A Tool for Evaluating Artificial Intelligence Studies for Predicting NMIBC Outcomes - Expert Commentary

Artificial intelligence (AI) models are emerging are powerful tools for the diagnosis and risk stratification of several cancers but have not been widely adopted in clinical practice. To evaluate barriers to AI integration and facilitate evaluation of new models for clinical adoption in the context of non-muscle invasive bladder cancer (NMIBC), Kwong et al. developed APPRAISE-AI, a quantitative tool for assessing the quality of AI studies in this field.

The investigators first conducted a systematic review. A total of 15 relevant studies were analyzed, of which 47% were published between 2015 and 2022 and 60% were from Europe. All studies used models that were developed using retrospective data. The median sample size was 125 and median follow-up was 71 months. The median recurrence rate was 50% while the median progression rate was 19%. The grading schemes for tumors varied across studies, with 60% using the WHO 1973 classification system and 33% using WHO 2004/2016. There were different distinct definitions for recurrence and progression. Most AI models were based on neural network frameworks (73%). There were differences in the training and testing procedures across studies, with 47% using different cohorts for training versus testing, 27% using different cohorts for training, validation, and testing, 20% using the same cohort for training and testing, and one study using a 10-fold cross-validation of cohorts.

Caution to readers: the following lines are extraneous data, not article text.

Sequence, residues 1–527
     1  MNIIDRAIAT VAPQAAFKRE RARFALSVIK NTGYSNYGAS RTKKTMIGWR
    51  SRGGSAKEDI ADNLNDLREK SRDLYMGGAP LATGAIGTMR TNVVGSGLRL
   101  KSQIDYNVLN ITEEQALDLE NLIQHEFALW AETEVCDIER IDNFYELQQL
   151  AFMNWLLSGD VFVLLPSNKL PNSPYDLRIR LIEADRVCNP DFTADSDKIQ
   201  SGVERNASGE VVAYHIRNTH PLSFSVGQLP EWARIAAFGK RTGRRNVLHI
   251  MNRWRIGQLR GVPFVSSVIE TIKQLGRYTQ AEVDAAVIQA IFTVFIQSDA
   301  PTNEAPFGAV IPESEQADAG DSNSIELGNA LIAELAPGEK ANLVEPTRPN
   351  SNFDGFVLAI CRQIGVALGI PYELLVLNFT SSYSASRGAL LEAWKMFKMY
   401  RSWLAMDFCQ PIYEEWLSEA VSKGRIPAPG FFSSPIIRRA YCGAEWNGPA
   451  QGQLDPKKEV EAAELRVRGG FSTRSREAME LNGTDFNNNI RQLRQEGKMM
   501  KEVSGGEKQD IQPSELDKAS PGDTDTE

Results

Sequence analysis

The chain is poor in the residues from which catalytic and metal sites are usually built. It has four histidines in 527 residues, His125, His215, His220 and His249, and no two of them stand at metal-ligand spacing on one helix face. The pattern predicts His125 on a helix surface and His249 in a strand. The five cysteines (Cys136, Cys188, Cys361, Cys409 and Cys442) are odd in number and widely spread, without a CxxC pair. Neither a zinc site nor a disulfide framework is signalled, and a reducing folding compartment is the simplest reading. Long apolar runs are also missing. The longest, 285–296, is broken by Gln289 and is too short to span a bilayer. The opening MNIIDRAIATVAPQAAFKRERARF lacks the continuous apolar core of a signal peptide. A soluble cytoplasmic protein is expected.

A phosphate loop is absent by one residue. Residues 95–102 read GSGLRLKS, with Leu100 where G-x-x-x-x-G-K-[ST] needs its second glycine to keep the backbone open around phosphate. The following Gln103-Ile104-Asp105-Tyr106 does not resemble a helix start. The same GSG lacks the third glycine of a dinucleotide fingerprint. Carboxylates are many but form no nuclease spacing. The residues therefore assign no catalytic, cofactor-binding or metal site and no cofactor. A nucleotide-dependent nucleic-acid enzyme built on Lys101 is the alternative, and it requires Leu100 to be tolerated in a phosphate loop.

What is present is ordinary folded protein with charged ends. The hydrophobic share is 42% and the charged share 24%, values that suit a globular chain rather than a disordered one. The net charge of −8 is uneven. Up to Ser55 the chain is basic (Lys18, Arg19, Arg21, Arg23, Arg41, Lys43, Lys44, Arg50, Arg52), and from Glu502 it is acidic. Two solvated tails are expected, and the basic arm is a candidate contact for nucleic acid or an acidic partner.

Study quality improved over time, between 2000 and 2022 (p = 0.03). APPRAISE-AI utilized several domains for evaluating quality such as eligibility criteria, disclosures, bias assessment, and data processing procedures. Only 20% of studies described how missing data was handled. Moreover, 47% of studies compared performances between the AI model and non-AI approaches such as Cox regression analyses or nomograms. AI models generally outperformed non-AI methods for recurrence and progression in all but two studies. The margin of benefit of the AI versus non-AI approaches depended on study quality.

The findings from this study reveal the value of using APPRAISE-AI for practical and standardized evaluation of AI-focused studies. This work raises important questions regarding best practices for AI studied in bladder cancer. Quality issues were highlighted by APPRAISE-AI, such as a lack of sufficient description of methodological processes or patient cohort details, and these factors will need to be addressed in future studies to enhance validity, reproducibility, and clinical usefulness of AI models.

Written by: Bishoy M. Faltas, MD, Director of Bladder Cancer Research, Englander Institute for Precision Medicine, Weill Cornell Medicine


  1. Kwong JCC, Wu J, Malik S, et al. Predicting non-muscle invasive bladder cancer outcomes using artificial intelligence: a systematic review using APPRAISE-AI. NPJ Digit Med. 2024;7(1):98. Published 2024 Apr 18. doi:10.1038/s41746-024-01088-7

Read the Abstract